The chance for increased transparency was seen as one of the biggest potential benefits from the diplomatic thaw with North Korea, as it could allow for greater confidence in assessing the communist regime’s capabilities and intentions, as well as uncovering its dealings with other governments seeking weapons of mass destruction. Until now, North Korea’s nuclear and missile programs have been shrouded in nearly impenetrable secrecy, explaining U.S. analysts’ shocked reactions to Pyongyang’s leaps in long-range missile technology over the past two years.
Among the more intriguing recent mysteries is the suspected enrichment facility, a subject of discussion among U.S., European and East Asian intelligence agencies since it was first described by a North Korean defector a few years ago, according to current and former U.S. and European officials briefed on the matter. Such a facility, if confirmed to exist, could potentially provide North Korea with a significant undocumented source of enriched uranium for nuclear bombs.
Additional details about the suspected site were described in a computer slide presentation prepared this month by the Institute for Science and International Security, a Washington research organization that has published multiple studies detailing North Korea’s nuclear weapons program. North Korea is known to operate one uranium-enrichment plant, at Yongbyon, 60 miles north of Pyongyang. It allowed visiting U.S. officials to see that facility in 2010 and has declared since then that no additional sites exist.
The CIA declined to comment on the possible second uranium plant. But a former senior U.S. official knowledgeable about North Korea’s clandestine weapons programs said intelligence agencies have long suspected the existence of such a facility, based on numerous independent evidentiary strands.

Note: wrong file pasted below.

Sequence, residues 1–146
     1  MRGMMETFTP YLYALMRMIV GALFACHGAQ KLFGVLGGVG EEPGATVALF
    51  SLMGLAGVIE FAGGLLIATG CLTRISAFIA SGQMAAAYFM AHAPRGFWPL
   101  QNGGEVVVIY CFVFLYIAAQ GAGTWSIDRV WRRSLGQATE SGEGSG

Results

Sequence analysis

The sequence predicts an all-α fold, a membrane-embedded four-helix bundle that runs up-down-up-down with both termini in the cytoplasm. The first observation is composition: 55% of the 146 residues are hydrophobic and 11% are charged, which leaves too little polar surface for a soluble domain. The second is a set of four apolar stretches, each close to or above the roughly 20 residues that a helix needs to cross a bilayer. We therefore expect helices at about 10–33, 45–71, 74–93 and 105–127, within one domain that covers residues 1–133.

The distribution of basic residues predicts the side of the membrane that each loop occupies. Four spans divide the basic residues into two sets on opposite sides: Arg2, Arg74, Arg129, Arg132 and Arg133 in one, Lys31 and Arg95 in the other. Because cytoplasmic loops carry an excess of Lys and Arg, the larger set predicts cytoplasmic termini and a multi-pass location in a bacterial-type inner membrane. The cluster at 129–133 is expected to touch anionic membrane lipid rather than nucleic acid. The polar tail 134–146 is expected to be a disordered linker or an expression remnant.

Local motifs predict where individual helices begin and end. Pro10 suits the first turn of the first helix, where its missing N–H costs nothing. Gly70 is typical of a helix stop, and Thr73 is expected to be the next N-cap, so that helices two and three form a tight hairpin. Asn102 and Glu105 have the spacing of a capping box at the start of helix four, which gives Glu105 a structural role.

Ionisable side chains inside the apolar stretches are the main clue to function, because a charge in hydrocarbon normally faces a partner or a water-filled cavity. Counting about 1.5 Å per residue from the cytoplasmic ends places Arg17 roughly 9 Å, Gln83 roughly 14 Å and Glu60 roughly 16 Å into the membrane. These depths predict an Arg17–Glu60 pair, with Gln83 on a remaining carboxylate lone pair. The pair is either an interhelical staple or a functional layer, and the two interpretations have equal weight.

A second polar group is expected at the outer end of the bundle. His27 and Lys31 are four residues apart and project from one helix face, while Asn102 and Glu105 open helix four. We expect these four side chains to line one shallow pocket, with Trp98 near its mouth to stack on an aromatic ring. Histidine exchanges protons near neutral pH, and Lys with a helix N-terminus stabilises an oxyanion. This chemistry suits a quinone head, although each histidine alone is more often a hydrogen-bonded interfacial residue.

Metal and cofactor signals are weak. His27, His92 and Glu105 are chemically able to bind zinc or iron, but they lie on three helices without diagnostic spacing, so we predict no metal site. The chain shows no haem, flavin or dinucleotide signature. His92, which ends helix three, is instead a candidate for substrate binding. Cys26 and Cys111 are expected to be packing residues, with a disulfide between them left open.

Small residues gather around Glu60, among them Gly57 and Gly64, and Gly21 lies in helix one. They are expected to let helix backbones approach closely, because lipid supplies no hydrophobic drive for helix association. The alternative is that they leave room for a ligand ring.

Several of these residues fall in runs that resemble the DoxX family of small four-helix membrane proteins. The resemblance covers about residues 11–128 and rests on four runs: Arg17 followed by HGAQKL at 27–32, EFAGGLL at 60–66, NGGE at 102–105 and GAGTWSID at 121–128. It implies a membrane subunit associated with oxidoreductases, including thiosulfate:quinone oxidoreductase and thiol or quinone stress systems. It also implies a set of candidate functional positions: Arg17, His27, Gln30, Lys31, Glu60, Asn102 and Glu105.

“The site shown [in 2010] is probably not the only enrichment site,” said the official, who had access to intelligence on North Korea during the Obama administration. The official, who spoke on the condition of anonymity to describe sensitive U.S. assessments, said the intelligence community “does not yet have a complete picture of North Korea’s nuclear program.”
The sudden collapse of the Trump administration’s diplomatic initiative is viewed by analysts as a missed opportunity to fill in some of the most glaring gaps. Although many longtime observers doubted that North Korea would immediately surrender its nuclear stockpile, some saw an opportunity to coax Pyongyang into at least partially pulling back the curtain, including possibly assenting to inspections by international nuclear experts for the first time since 2008.
Currently, U.S. analysts and weapons experts can offer only educated guesses about the number of nuclear bombs North Korea possesses — unclassified estimates put the size of the arsenal at between 20 and 100 warheads by the end of the decade. Also unclear is precisely how much enriched uranium and plutonium North Korea has acquired, and whether its scientists have perfected a reentry vehicle that could reliably deliver a warhead to the U.S. mainland.
Questions also linger over the size and nature of North Korea’s chemical weapons arsenal and whether Pyongyang has manufactured actual weapons from its known stocks of bacterial strains that cause anthrax and the plague.